Artists had no place to perform, so Sofar created it. It’s called the Listening Room. Every day, an artist from across the globe plays a Sofar Sounds set, streaming it live from their own intimate space. Global audiences tune in via YouTube and type their claps in the chat.
Over 45,000 people have watched the shows live. And another 350,000 have viewed the uploaded videos on YouTube. Siana is one artist who recently performed a Listening Room set, as viewers connected from as far away as Austria, South Africa, Russia, Brazil, Singapore and France.
Siana Altiise livestreams a performance from her living room to a global Sofar audience during her Listening Room set. Photo credit: Lex Dominguez
“Normally, going live on social is my least-favorite thing,” says Siana. “There’s a dissonance in how the listeners are feeling versus what I’m able to recognize they’re feeling. But going live with Sofar was great because I knew that they were listeners who were ready to listen.”
In the middle of her set, Siana scrolled through the chat to check in on her audience. “There was a listener who wrote, ‘This is exactly what I needed right now.’ That propelled me to keep going. It’s something you don’t get at a regular venue. It eased a little bit of anxiety around the question, ‘Is anybody even listening?’”
More than 5,000 people were listening, and that connection and exposure has had a huge impact on Siana’s following. Her Spotify plays went from 30 to 1,400 overnight.
Each artist is paid for their set, and viewers are given the opportunity to donate directly to the artists via Venmo, Cash App and PayPal. As an additional response to the pandemic, Sofar launched its Global Artist Fund, a fundraising campaign with the goal of raising $250,000 to help 1,000 artists through grants of $250 each. Artists need not apply to receive a grant: Sofar is reaching out to them. Siana’s grant went directly to her bills. “These people can’t create for free,” says Rafe, “and we need to support them now.”
“Since COVID, it seems like people are more open to recognizing others’ needs,” says Siana. “The ‘one-anothering’ has been magnificent. The increase in direct donations has been really beautiful. People are thinking a lot differently financially.”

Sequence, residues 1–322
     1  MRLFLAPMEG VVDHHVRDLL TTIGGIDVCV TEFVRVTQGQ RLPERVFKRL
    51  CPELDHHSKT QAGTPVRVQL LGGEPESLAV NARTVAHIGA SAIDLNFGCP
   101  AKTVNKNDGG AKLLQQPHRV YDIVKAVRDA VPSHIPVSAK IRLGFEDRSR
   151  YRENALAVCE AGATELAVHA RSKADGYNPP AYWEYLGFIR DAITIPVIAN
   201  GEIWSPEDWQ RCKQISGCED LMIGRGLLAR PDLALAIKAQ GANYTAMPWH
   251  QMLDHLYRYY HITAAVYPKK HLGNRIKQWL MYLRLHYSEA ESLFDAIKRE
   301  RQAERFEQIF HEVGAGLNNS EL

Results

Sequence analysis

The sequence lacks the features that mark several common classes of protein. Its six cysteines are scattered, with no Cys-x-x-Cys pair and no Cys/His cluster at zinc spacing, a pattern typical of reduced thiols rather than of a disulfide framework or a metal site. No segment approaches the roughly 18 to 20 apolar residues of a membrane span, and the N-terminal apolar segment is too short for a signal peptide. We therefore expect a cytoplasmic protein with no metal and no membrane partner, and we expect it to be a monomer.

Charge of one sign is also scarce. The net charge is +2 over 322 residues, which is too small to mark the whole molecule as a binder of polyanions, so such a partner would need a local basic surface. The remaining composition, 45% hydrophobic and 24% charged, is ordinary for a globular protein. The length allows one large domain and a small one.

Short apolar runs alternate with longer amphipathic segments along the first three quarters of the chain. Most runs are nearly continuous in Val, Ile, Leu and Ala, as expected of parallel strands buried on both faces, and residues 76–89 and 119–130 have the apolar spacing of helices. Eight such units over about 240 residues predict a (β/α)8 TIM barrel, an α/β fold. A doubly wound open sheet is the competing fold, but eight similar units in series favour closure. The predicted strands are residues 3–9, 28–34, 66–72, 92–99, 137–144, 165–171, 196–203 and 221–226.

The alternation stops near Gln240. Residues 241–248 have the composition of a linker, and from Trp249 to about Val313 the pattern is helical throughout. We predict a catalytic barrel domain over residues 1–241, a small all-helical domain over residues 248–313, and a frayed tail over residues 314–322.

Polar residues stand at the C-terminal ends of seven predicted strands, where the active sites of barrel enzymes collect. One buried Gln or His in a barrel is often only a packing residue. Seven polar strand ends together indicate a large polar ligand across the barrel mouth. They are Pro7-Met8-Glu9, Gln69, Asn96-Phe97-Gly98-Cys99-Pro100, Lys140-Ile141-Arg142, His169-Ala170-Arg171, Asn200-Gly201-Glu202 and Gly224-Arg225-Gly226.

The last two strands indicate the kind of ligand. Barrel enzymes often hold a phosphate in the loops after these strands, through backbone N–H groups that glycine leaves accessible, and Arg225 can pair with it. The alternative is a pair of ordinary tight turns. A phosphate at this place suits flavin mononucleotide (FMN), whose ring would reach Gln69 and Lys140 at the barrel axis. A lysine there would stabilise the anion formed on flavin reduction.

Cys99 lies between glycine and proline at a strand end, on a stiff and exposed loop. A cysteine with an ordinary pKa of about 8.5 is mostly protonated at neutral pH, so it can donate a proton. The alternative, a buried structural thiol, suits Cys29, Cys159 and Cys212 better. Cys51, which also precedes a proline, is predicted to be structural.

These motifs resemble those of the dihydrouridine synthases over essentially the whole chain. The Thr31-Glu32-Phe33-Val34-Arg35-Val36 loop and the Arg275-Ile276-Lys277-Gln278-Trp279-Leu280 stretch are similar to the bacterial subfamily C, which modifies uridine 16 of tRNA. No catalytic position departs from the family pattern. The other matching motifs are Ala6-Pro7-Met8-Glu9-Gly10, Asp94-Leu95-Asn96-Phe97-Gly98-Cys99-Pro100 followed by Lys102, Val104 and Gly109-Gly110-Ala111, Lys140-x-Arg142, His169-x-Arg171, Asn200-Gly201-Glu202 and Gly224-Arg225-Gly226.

Re-upping during the great pause
Paying artists for their art—and what they go through to produce that art—is one thing. Helping them learn and grow is arguably more beneficial.
“Right now,” says Rafe, “there’s this great pause that we can take advantage of. While we’re all sitting in our living rooms and doing less, while live music is at a standstill, let’s give artists a chance and a resource for education and growth in their careers. We based the series on a need, on the times and on what kinds of things folks value. Then, we made it free so there are no barriers to anybody.”
Sofar Sounds launched its In Session webinars to cover everything from music publishing and setting up a home studio to advice from pros like Tom Windish—a world-class agent who discovered artists Lorde and Billie Eilish—and ways to get your music playlisted in the digital age.
“Now you have to be an entrepreneur, not just a musician,” says Rafe. “The internet has been a game changer. It has at least allowed everybody to put their music out into the world. And back in the day, before platforms existed, you really were at the mercy of being signed and maybe getting on the radio. So it’s become more democratic. But then all of a sudden it became even harder because you were in a sea of it. How do you stand out? How do you get listened to?”